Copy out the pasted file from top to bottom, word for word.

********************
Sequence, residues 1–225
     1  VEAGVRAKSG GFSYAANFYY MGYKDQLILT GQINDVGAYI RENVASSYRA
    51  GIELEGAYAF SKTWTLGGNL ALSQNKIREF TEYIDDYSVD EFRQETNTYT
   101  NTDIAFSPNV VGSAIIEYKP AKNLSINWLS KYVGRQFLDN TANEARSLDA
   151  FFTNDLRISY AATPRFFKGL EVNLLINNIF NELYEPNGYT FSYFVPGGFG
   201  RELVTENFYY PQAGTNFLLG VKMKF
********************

Sequence, residues 1–225
     1  VEAGVRAKSG GFSYAANFYY MGYKDQLILT GQINDVGAYI RENVASSYRA
    51  GIELEGAYAF SKTWTLGGNL ALSQNKIREF TEYIDDYSVD EFRQETNTYT
   101  NTDIAFSPNV VGSAIIEYKP AKNLSINWLS KYVGRQFLDN TANEARSLDA
   151  FFTNDLRISY AATPRFFKGL EVNLLINNIF NELYEPNGYT FSYFVPGGFG
   201  RELVTENFYY PQAGTNFLLG VKMKF